Featured Research

from universities, journals, and other organizations

Pay-for-Performance in Healthcare: Can You Get the Quality You Are Paying For?

Date:
February 8, 2010
Source:
Wiley - Blackwell
Summary:
Although the idea of pay-for-performance (P4P) is popular among healthcare policy makers and private insurers, the results do not necessarily translate to the patient. A new study analyzes performance reports from medical groups who worked with a large network HMO which has been compiling quality data since 1993, pre-P4P. The lead researcher said, "In the end, we failed to find evidence that a large P4P initiative either resulted in major improvement in quality or notable disruption in care."

Although the idea of pay-for-performance (P4P) is popular among healthcare policy makers and private insurers, the results do not necessarily translate to the patient.

Related Articles


A new study from the RAND Journal of Economics analyzes performance reports from medical groups who worked with a large network HMO which has been compiling quality data since 1993, pre-P4P. Lead researcher Kathleen J. Mullen says, "In the end, we failed to find evidence that a large P4P initiative either resulted in major improvement in quality or notable disruption in care."

So how did policy makers and medical providers arrive at this miscalculation? A 2003 RAND study by Elizabeth McGlynn and colleagues found that on average American patients receive only fifty-five percent of recommended care. P4P seemed to be the answer to better quality care and effective preventative medicine.

The P4P reimbursement program rewards healthcare providers with bonuses for high marks in areas of preventative medicine (e.g., blood sugar testing for diabetics, cervical and breast cancer screenings for at-risk patients). Recently the Institute of Medicine recommended that Medicare join ranks with the P4P private insurers (over 100) to offer better quality, incentive-based care. However, the research shows that, rather than encouraging providers to shift resources toward quality improvement more generally, P4P may instead only persuade providers to focus on narrow (incentivized) areas.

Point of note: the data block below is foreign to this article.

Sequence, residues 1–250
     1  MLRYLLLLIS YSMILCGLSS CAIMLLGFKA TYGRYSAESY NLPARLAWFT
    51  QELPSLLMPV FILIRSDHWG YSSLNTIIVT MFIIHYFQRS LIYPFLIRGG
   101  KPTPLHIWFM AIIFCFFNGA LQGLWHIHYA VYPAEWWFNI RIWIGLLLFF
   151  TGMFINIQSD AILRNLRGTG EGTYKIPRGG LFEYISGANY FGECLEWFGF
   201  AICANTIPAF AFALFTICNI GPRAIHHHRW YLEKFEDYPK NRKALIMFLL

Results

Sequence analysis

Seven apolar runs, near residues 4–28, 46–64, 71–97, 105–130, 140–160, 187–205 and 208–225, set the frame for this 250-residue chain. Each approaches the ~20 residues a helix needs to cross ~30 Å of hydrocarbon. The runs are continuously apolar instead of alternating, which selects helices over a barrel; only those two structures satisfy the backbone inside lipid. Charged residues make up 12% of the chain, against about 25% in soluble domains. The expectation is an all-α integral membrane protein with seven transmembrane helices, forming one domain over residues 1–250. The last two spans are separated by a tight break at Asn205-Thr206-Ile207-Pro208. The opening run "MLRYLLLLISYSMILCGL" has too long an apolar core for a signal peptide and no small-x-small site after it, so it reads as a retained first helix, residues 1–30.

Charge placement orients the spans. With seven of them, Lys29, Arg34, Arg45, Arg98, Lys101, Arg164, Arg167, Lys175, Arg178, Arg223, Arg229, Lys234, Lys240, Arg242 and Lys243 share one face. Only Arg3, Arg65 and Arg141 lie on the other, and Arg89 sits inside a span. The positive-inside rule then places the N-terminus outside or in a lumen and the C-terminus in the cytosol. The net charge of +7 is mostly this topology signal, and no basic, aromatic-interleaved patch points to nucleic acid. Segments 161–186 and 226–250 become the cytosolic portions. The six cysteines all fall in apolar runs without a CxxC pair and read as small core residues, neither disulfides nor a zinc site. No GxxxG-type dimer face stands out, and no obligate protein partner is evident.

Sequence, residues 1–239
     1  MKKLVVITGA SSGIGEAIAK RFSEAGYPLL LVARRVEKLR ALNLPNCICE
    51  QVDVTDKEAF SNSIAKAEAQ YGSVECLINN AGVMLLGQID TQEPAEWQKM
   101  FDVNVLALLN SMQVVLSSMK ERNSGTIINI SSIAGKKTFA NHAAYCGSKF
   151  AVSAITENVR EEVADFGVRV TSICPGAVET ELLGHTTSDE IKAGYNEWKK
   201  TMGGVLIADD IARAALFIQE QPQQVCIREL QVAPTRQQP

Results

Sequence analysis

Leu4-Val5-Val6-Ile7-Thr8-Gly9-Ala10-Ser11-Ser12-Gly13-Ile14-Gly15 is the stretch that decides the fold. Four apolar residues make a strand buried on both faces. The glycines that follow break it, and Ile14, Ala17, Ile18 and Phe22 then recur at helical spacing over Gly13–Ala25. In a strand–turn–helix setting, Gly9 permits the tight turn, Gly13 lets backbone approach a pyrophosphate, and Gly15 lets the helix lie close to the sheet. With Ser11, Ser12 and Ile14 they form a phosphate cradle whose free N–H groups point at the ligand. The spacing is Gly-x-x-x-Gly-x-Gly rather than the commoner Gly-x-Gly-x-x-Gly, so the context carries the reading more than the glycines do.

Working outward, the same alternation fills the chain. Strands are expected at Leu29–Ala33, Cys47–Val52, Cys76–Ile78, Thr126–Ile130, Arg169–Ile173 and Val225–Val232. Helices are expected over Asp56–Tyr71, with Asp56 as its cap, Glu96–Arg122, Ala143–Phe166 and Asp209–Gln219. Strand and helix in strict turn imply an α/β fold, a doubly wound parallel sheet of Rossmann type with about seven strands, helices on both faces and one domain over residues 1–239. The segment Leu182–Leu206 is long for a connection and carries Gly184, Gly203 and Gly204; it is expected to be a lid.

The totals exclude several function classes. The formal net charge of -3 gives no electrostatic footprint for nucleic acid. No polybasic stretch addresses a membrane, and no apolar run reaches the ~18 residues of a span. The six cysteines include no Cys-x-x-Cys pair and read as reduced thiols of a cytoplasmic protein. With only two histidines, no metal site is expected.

Although the researchers found that some incentivized measures of quality may have improved in response to P4P, they failed to find evidence of positive spillovers to other related aspects of care. This result casts doubt on the promise of P4P as a transformative mechanism for improving the general quality of the healthcare system, and suggests caution in moving ahead with P4P and in interpreting the results of future studies.


Story Source:

The above story is based on materials provided by Wiley - Blackwell. Note: Materials may be edited for content and length.


Journal Reference:

  1. Mullen et al. Can you get what you pay for? Pay-for-performance and the quality of healthcare providers. The RAND Journal of Economics, 2010; 41 (1): 64 DOI: 10.1111/j.1756-2171.2009.00090.x

Cite This Page:

Wiley - Blackwell. "Pay-for-Performance in Healthcare: Can You Get the Quality You Are Paying For?." ScienceDaily. ScienceDaily, 8 February 2010. <www.sciencedaily.com/releases/2010/02/100208145057.htm>.